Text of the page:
Airplanes and Ear Pain

Disclosure: In any review for a product or service, products or compensation may have been provided to me to help facilitate my review. All opinions are my own and honest. I am disclosing this in accordance with FTC Guidelines. Please see “Disclose” and "Terms of Use" tabs for more information.

There are plenty of things to love about air travel. Looking down through the clouds at the toy-sized cars and people rarely gets old. Those elf-sized packs of peanuts and pretzels and the tiny cups of soda have an oddly childlike charm. And at the end of the day, you’re hurtling through the air at 30,000 miles above the ground—what part of that isn’t exciting?


A first-class or even an exit-row seat will buy you some additional legroom, but unfortunately every seat carries the same risk of experiencing the unpleasant ear pain and popping that commonly happens during air travel. In most cases, the pressure and pain you feel is mercifully brief. Odds are your hearing will return to its usual levels just a few minutes after the plane lands. It’s rare to sustain permanent hearing loss as a direct result of a flight.

Just where does this popping and pain come from? And, more importantly, is there anything you can do to prevent it?

What Causes the Pain and Popping?

The ear problems you experience when you fly are caused by an imbalance between the air pressure in your middle ear and that of the air around you. This is especially true during takeoff and landing, when the air pressure in the cabin is rapidly changing, oddly enough, to keep you comfortable. When the pressure is lowered during takeoff, your eardrum begins to swell outward like a rising loaf of bread. The reverse happens when the pressure is raised during landing, causing your eardrum to get sucked inward. In both of these cases, the imbalance leads to the muffled hearing and uncomfortable pain and pressure.

Open Your Eustachian Tubes to Equalize the Pressure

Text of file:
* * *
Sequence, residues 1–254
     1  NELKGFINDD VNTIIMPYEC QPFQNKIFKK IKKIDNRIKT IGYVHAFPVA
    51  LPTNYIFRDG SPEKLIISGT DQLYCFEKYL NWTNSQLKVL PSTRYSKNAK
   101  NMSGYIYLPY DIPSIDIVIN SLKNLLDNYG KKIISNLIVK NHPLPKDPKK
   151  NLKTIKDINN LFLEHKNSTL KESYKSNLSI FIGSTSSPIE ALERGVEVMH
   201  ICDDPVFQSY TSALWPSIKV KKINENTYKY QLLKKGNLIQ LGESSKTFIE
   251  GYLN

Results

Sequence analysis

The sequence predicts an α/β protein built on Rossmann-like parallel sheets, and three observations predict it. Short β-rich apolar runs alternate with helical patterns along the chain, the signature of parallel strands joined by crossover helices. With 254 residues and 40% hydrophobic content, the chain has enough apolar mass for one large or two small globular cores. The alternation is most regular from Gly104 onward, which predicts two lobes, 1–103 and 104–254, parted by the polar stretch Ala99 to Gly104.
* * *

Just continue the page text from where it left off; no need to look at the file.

The key to remedying this uncomfortable situation is to open your eustachian tubes in order to equalize the pressure. Less than an inch and a half long, these tiny tubes allow small volumes of air to enter or exit your middle ear. Here are a few simple ways to make this happen:

  • Yawn a lot. Yawning is actually “contagious” so you may even be helping out the passengers around you.
  • Swallowing is one of the easiest ways to open up the tubes and neutralize the pressure. To stimulate your mouth to make more saliva, gum chewing is often recommended. For infants, nursing, bottle-feeding or sucking on a pacifier can help. Older children can suck on lollipops or hard candy.
  • Adults can also try a technique known as the Valsalva maneuver. Take a deep breath, then close your mouth and pinch your nose shut. Try to force air out until your ears pop. This is not recommended if you have a cold or allergies, since it could lead to additional complications. Instead, you can try the Toynbee maneuver, in which you close your mouth and nose and swallow a few times until the pressure equalizes.

Tips to Help Prevent Ear Pain

Everyone is different, so try a few of these to see what works best for you:

  • Avoid sleeping during takeoff or landing—for many people this won’t be a problem!
  • Stay hydrated during the flight by drinking fluids frequently. Ask for more water if you need it.
  • Try wearing earplugs specifically designed for equalizing in-flight pressure.
  • Use nasal spray an hour before landing. But be aware that over-use of these products can actually lead to greater congestion making it harder for your Eustachian tubes to do their job.
  • Along those lines, a decongestant tablet before or after the flight may also be helpful as long as its use is approved by your doctor.

Ear pain and pressure are definitely not the travel companions you want to have. Keep them at bay with these tips. And if you wake up on the day of your trip with a sinus infection, cold or allergy attack, consider rescheduling your flight. When your sinuses are severely blocked your chances of serious ear damage rise considerably.

If you’re worried about your ears, or are concerned you may be suffering from hearing loss, it may be worth having them checked. The experts at Miracle-Ear offer free hearing evaluations at more than 1,200 locations across the country.


  1. These are all great tips! I just try to yawn a lot to help with the ear pressure.

  2. vickie couturier says

    i had this happen to me one time and it was really bad,,will try some of these the next time flying

  3. Stefani Tolson says

    I always deal with the ear pain too and sometimes it lasts for over a day or two. The last couple flights I took I was smart and took an allergy pill about an hour before my flight. It makes me more tired but no ear pain.

  4. hello thank you for the great tips to help with or prevent pain and pressure in the ears when in an airplane.

Speak Your Mind